Danielle McLaughlin: The Fairytale of New York

The Christmas tree stands lit after the lighting ceremony for the 84th annual Rockefeller Center Christmas Tree in Manhattan.
REUTERS

The Christmas tree stands lit after the lighting ceremony for the 84th annual Rockefeller Center Christmas Tree in Manhattan.

OPINION: Nothing like December in New York to trigger memories of a Kiwi Christmas half a world away.

Christmas in New York City can turn anyone into a kid again.

Pop-up Christmas tree stores appear on street corners.  Cheery vendors stack dozens of tightly wrapped firs against the shoddy wooden perimeter walls of construction zones and the smooth stone of commercial buildings.  My daily commute now features wafts of fragrant pine and the countryside. I catch a few bars of Jingle Bells as taxi horns blare and jackhammers heave.

But it's after dark that this city comes alive. Her many imperfections are cloaked by the nightfall. Christmas trees in the glass-fronted lobbies of banks and law firms call out to passers-by. Bells peal at subway stations as the Salvation Army collects dollar bills for the less fortunate. Barren trees, harsh in the daylight, are strung with fairy lights creating glowing canopies over city sidewalks. Christmas markets - collections of tiny shops like gingerbread houses - cluster around Union Square and Columbus Circle. And department stores are transformed into winter wonderlands.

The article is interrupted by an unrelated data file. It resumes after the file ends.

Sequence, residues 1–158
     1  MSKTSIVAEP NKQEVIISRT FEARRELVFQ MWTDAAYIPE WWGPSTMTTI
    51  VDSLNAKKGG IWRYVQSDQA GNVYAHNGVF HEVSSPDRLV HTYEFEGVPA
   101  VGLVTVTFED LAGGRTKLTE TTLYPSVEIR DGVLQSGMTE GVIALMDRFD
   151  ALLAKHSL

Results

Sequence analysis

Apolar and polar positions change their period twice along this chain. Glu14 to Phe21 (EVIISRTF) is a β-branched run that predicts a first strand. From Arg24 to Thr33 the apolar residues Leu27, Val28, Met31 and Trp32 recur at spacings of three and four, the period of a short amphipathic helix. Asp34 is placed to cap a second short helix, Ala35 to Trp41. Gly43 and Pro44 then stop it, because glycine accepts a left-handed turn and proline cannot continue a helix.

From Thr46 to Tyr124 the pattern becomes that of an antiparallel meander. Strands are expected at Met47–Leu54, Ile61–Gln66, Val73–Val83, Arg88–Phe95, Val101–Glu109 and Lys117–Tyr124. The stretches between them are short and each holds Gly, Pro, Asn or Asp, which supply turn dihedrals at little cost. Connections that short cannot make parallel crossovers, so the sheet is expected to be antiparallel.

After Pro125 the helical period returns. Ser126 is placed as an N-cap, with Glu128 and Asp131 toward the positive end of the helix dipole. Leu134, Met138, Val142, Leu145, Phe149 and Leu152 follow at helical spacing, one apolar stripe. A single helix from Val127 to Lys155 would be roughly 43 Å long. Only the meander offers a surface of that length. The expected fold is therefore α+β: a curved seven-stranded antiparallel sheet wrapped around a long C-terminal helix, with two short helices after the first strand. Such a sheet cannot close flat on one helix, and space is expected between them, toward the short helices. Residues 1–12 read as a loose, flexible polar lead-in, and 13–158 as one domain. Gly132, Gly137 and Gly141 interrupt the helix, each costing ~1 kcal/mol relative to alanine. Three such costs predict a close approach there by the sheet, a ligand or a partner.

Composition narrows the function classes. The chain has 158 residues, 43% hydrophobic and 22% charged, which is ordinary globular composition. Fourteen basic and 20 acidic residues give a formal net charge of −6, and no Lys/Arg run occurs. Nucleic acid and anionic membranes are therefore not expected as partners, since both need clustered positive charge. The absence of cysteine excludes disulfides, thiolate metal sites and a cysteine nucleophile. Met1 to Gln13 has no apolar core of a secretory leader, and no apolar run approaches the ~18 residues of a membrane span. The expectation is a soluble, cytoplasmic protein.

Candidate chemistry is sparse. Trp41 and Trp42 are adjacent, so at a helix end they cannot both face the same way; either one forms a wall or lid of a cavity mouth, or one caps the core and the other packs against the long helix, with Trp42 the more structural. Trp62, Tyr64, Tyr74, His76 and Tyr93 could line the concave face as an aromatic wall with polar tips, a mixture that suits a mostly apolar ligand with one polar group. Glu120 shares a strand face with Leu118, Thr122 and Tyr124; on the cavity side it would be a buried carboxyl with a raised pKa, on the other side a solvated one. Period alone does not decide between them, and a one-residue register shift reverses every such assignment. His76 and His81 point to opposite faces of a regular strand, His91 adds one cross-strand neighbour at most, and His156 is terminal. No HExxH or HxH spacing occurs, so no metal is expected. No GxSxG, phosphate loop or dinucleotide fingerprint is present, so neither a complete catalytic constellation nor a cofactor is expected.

On Wednesday evening I headed to my office holiday party at Saks Fifth Avenue, a swanky retailer that occupies half a city block on Fifth Avenue between Fiftieth and Fifty-First Streets.

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As I approached, Carol of the Bells rang out, echoing off the surrounding high-rises. A light show for the ages danced across the entire Fifth Avenue façade of the store, above the heads of hundreds of New Yorkers and visitors stunned into silence, watching, and taking selfies. Electric icicles dangled from seven stories up. A castle glowed and faded. Clocks and stars and wreaths and yet more stars and icicles burst into view and then flamed out.  Across Fifth Avenue at Rockefeller Center, the 33-metre Christmas tree dazzled, relatively quietly.

As magical as this city is at Christmas, this ex-pat always yearns for the kiwi Christmas of her childhood.

After waiting the interminable period between waking up and my father's return from his radio show, we'd open presents at 10:30 a.m. About a dozen Christmas songs played on repeat. Bing Crosby sang of a white Christmas. We felt no irony. The Pogues sang of soured love in New York City. We felt no sadness.

We'd dig into a late lunch of cold chicken and ham, salads, avocado, and crayfish and fish ceviche. We'd say nice things about the mint and cucumber jelly our elderly neighbour brought. We'd do anything to avoid actually eating it. 

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Later, curiously, Christmas pudding and custard would be served. A nod to the chilly Christmases of my Irish mother's youth, and my Australian grandparents' penchant for hot Christmas dinners in the scorching heat of a New South Wales summer.

This Christmas, like many before, I will find a way to recreate kiwi Christmas while wrapped in the embrace of a winter's December. Invariably, it's through food.  Next weekend I will again conspire with my northern hemisphere companions to add lamb, or Anzac biscuits, or a bottle of Marlborough Sauvignon Blanc to the holiday table. All as incongruous as that pudding we ate as children.  And sprung from the same longing for home.

 - Sunday Star Times

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